In Drop the Dead Donkey, ethics was described as a place to the north west of London. If you think that’s the case, move over Gus Hedges, there's a new idiot on the board.
But, if you have been depressed by the behaviour, whether you deem it pure incompetence, or unethical conduct, of Messrs Diamond, Buckles, Serwotka, Goodwin et al, remember that a few bad apples do not necessarily rot the whole barrel. The behaviour of all these individuals is distasteful, but bad news tends to sell paper a lot faster than tales of corporate do-gooders.
And these people do exist. At the heart of many businesses, especially SMEs, are leaders who want to to the right thing. And not just for purely altruistic reasons. A corporate culture in which the integrity of the culture is clear to those inside and outside the organisation is good for business. It attracts customers and staff.
The Co-op is a well-known example. Over the years it has done a great deal to foster responsible ethical trading, including the Fairtrade range, animal welfare and eco products. It has also been certified as one of the top 100 companies in the the UK to work for... The two things are not unrelated.
So, how can other companies hope to safeguard and maintain their reputations?
The lesson has to start with the leader. Ethical conduct begins at the top of an organisation and trickles down. Do as I say, not as I do, rarely works in the business, or indeed in life. But once you've established yourself as an ethical leader, it's important then to focus on recruitment.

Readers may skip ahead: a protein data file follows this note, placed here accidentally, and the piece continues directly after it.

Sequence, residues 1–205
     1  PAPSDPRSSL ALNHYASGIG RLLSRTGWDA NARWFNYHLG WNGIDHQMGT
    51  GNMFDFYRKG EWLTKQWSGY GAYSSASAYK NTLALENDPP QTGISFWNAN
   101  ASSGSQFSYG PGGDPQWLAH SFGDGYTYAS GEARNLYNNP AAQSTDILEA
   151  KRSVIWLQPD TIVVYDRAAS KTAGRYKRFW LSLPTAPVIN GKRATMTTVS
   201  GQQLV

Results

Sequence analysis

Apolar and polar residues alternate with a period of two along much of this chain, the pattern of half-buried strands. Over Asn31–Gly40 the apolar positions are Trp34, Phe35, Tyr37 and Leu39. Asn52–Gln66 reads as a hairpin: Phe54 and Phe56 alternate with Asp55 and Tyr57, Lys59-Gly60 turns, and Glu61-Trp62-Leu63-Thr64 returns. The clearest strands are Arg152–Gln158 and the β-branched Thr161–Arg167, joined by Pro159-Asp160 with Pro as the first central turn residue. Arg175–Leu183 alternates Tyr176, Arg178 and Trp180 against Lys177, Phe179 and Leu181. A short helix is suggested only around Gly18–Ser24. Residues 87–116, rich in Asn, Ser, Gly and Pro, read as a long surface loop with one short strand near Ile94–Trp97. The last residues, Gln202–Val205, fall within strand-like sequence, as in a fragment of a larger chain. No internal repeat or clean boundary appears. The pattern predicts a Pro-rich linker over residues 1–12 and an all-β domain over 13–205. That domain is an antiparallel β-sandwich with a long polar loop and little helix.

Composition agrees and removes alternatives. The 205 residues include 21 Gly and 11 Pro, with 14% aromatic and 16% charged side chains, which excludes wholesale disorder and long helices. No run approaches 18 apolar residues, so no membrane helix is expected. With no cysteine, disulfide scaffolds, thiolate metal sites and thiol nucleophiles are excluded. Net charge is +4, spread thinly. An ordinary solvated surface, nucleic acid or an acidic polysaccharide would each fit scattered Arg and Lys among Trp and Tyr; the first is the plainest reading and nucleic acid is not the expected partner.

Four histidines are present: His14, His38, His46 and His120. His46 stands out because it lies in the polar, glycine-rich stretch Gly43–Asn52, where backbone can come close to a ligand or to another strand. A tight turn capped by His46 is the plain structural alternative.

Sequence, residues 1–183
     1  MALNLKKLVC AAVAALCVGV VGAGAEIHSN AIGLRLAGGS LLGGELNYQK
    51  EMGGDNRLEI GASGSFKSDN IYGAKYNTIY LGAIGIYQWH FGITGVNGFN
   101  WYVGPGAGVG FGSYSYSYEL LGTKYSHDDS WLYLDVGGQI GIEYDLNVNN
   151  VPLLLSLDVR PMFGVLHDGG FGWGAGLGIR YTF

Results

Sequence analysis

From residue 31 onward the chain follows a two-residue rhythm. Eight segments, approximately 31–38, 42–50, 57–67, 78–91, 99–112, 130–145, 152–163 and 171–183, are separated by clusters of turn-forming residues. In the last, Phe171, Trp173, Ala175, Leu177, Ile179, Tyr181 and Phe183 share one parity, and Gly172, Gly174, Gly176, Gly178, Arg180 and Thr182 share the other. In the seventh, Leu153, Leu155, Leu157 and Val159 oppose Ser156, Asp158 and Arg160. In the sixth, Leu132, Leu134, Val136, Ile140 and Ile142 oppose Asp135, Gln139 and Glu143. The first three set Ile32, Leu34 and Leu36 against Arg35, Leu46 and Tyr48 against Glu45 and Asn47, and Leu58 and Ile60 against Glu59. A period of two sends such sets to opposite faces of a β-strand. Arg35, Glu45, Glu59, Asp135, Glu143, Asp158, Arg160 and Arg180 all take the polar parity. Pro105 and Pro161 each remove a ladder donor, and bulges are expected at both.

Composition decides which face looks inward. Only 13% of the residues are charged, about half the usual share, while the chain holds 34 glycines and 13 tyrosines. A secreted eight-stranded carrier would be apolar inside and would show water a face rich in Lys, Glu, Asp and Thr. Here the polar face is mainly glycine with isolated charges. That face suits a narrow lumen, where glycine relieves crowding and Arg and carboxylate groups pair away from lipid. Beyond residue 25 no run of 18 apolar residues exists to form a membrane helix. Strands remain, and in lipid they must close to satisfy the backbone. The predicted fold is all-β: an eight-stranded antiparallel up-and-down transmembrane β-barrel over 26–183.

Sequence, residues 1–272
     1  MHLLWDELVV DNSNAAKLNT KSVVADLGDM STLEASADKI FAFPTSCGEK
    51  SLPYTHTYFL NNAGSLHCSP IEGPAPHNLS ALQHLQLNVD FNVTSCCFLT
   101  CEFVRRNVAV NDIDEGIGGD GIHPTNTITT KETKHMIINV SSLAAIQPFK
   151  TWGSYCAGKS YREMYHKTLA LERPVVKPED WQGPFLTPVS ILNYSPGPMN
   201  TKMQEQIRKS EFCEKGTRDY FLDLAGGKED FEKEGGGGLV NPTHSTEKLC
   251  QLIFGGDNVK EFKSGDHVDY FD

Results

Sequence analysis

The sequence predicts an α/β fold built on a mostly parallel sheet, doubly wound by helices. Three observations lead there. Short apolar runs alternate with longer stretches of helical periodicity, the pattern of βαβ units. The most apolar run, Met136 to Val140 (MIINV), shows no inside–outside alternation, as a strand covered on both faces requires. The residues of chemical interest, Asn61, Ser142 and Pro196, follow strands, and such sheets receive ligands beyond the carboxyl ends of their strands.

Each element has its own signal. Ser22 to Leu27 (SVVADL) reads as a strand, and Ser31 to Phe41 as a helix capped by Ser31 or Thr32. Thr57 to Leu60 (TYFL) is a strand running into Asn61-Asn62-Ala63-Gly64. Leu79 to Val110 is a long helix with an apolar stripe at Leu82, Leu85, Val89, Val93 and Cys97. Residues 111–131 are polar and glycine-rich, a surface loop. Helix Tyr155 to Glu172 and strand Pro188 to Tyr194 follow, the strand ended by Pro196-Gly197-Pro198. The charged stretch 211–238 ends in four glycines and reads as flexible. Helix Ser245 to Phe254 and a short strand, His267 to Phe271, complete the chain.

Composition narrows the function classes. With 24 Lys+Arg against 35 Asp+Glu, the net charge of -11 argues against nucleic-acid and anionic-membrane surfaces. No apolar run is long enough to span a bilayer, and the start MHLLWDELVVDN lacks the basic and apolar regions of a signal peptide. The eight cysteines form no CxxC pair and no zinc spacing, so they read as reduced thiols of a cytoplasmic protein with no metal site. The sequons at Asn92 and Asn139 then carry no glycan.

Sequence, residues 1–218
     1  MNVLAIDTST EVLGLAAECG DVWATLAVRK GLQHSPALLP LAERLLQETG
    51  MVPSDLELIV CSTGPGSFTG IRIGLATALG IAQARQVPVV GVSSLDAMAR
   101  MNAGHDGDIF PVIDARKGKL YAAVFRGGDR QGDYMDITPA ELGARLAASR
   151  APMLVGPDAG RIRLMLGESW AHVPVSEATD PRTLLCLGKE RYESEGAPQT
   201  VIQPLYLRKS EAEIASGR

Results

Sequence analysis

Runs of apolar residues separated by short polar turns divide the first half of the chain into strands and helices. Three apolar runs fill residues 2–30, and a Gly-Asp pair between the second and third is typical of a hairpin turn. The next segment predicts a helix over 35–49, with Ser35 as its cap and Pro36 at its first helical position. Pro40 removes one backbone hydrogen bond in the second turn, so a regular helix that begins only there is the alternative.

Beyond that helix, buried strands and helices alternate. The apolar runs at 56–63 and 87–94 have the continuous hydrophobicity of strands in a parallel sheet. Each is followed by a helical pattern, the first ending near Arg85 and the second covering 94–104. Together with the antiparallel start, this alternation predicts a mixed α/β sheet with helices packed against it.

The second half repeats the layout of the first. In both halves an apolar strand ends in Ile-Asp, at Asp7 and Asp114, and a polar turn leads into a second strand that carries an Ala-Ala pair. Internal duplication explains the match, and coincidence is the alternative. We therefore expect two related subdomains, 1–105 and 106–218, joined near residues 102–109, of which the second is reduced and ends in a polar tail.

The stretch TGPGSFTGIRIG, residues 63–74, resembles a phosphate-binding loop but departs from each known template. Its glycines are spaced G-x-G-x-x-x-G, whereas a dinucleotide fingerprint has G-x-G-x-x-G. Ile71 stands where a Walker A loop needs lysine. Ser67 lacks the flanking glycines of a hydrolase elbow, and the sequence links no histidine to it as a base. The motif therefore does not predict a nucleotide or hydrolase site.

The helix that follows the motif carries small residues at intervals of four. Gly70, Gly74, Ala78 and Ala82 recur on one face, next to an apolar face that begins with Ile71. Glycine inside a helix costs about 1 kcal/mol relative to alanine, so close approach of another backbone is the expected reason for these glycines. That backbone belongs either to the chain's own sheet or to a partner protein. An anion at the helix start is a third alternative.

Ethics and cultural (as in business culture) fit are important and should be considered as part of the recruitment process. If you are known as an ethical organisation, there’s a degree of self-selection. The wrong 'round' people will be uncomfortable in a 'square' hole. For example, even if I had a job for Sharon Shoesmith (of Baby P scandal fame), she probably wouldn’t last long here (I can’t stand people who take the money but refuse to take personal accountability).
As a leader, you must take responsibility for your actions and your mistakes. According to the Oxford Dictionary, ethics are 'the moral principles that govern a person’s behaviour or the conducting of an activity'. Passing the buck definitely counts as 'immoral'.
At least it's getting harder to offload the blame onto others these days. It was quite refreshing to see the Select Committee examine Nick Buckles recently with such vigour. Simon Hoggart writing in The Guardian said he’s never seen anyone get such a pasting and he almost felt sorry for Mr Buckles – almost. Mr Hoggart summarised Mr Buckles’ remarks pithily: It had all come as a terrible surprise, said Mr Buckles, several years after the contract had been signed...
So, how do you build an ethical company? Focus on your personal ethics, and hone your recruitment process to focus on those who share your values. And, if you screw up, own up. Or you could end up like Buckles...
Kate Russell is MD of Russell HR Consulting